问题描述:

I've created a stack of pointers, which is being used to create a binary tree. While I can fill the stack with individual nodes, upon trying to allocate the top node's memory to a new node so I can create an actual tree, it segfaults. As an example:

TreeNode *c = new TreeNode;

c = stack.top(); //this segfaults

I'm not sure if I'm misunderstanding how this works, but since both are of the same type, shouldn't c be able to equal the top of the stack? I've been stuck on this for hours now.

网友答案:

I think you are misunderstanding how pointers work in C++/C. They are just integer values that represent memory addresses. The new keyword assigns memory for a class and then calls the constructor for that class.

So from what you have written

TreeNode *c = new TreeNode;

Allocate a pointer for a Treenode. Then allocate the memory for a Treenode, call it's constructor and assign the address of this memory block to the pointer.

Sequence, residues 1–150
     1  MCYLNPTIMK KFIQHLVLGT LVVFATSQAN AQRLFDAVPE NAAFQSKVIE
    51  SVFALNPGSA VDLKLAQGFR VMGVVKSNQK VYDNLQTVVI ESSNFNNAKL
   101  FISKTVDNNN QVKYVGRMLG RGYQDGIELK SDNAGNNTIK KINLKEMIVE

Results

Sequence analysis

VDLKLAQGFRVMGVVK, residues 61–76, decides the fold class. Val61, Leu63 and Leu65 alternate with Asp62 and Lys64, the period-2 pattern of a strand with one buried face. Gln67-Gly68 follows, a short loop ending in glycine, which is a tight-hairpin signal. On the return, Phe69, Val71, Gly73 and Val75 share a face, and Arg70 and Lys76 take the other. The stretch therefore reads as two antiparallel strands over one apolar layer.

c = stack.top(); //this segfaults

Get the address/pointer value returned by the function call stack.top() and assign it to the variable c.

As chris said, even if your code had worked it is a leak as there is no garbage collector in c++ so when you do c= stack.top() the memory previously assigned is just lost on the heap.

Either

Treenode *c = new Treenode;
delete c;
c = stack.top();

Or

Treenode *c = stack.top();

Your observable problem is in the call to stack.top() somewhere. I'd suggest a pointer tutorial like this.

http://www.codeproject.com/Articles/627/A-Beginner-s-Guide-to-Pointers

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